Maths at Pucklechurch
We aim for our children to:
- be confident mathematicians, able to notice connections, patterns and real-life links in all areas of their mathematical learning;
- aspire to a good level of understanding and confidence, believing that there is no mathematical skill they cannot master without dedication and a growth mindset;
- achieve fluency in arithmetic skills and a strong times tables knowledge.
We follow the National Curriculum for Mathematics. For more information, click here. We ensure the 3 aims of the National Curriculum (Fluency, Reasoning and Problem Solving) are planned for routinely in our lessons. All children have regular opportunities to explore and represent mathematics using carefully selected equipment and a concrete and pictorial approach will be used alongside abstract representations. Children are expected and supported to explain their reasoning and understanding and use an APE approach to do this (Answer, Prove, Explain).
The White Rose Scheme of Work is the basis of our approach. It sets out clear small progressive steps per term, per year group. Each small step requires our children to demonstrate explicit skills in calculations, through reasoning and in problem solving. Across the curriculum, we seek to provide children with learning opportunities that will utilise and embed maths skills learned during core maths lessons - for instance, using their knowledge of nets of shapes to create packaging for a product in a Design & Technology lesson or visiting Concorde in Bristol!
For example, if a problem is about adding up four baskets of fruit , the children might first handle actual fruit before progressing to handling counters or cubes which are used to represent the fruit.
Pictorial: This is the “seeing” stage, using representations of the objects to model problems. This stage encourages children to make a mental connection between the physical object and abstract levels of understanding by drawing or looking at pictures, circles, diagrams or models which represent the objects in the problem.
Abstract: this is the “symbolic” stage, where children are able to use abstract symbols to model problems. Only once a child has demonstrated that they have a solid understanding of the “concrete” and “pictorial” representations of the problem, can the teacher introduce the more “abstract” concept, such as mathematical symbols. Children are introduced to the concept at a symbolic level, using only numbers, notation, and mathematical symbols, for example +, –, x, / to indicate addition, multiplication, or division.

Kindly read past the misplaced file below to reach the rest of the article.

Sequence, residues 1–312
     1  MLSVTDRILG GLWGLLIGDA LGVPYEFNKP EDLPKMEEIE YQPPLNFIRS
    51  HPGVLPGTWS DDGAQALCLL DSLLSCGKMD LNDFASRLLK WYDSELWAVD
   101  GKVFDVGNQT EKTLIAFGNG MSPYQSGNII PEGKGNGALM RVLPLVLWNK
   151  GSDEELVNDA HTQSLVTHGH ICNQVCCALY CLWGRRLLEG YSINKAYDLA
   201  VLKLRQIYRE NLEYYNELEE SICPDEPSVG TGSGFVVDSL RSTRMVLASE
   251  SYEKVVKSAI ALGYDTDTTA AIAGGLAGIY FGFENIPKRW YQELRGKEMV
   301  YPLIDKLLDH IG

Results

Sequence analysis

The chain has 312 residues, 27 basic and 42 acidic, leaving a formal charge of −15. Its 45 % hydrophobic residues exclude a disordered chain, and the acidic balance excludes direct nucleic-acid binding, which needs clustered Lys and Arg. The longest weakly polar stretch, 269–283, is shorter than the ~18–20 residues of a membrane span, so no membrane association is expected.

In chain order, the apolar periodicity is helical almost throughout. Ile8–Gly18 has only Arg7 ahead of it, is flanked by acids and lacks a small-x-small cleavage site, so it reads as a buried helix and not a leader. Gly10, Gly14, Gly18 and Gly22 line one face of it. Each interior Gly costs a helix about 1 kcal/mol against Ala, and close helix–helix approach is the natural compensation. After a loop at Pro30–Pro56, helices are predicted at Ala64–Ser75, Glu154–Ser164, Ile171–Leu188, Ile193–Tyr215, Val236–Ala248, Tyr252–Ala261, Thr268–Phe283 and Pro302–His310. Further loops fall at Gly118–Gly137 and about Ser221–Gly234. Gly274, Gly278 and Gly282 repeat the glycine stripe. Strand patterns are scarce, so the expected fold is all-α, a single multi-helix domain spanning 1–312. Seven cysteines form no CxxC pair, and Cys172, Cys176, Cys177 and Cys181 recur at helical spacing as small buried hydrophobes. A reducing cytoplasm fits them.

Children have daily arithmetic lessons, to build their fluency in calculating and help them to develop accurate and efficient methods. This is also the focus of our homework each week. By increasing their skills in this area, children become more confident mathematicians and are able to tackle more complicated reasoning and problem-solving questions.
Fluency in times tables is an important feature of mathematical learning. Here at Pucklechurch, we are always looking for interesting ways to engage and challenge children in their times tables learning. Each week, children from Year One to Six are set weekly times table home-learning. We have subscribed all learners to Times Tables Rockstars (www.ttrockstars.com). This website is intuitive and recognises which tables children know and need to learn; and it automatically adjusts questions to allow for revision and introduce new facts. Children have the option to play a range of sessions: Garage (tables automatically set by the software); Studio (all tables up to 12X 12); Soundcheck (five second timing for each question up to 12 X 12); and tournaments, which the children can gig against other band members, children from local schools or children from across the world!
In addition, the children are tested on their times tables each week in school. When children successfully complete each test, they are welcomed to the next club in our weekly whole school Celebration Assembly.
There is a guide below which can be downloaded by parents for advice on other ways to support times tables learning at home.
Other useful documents and links: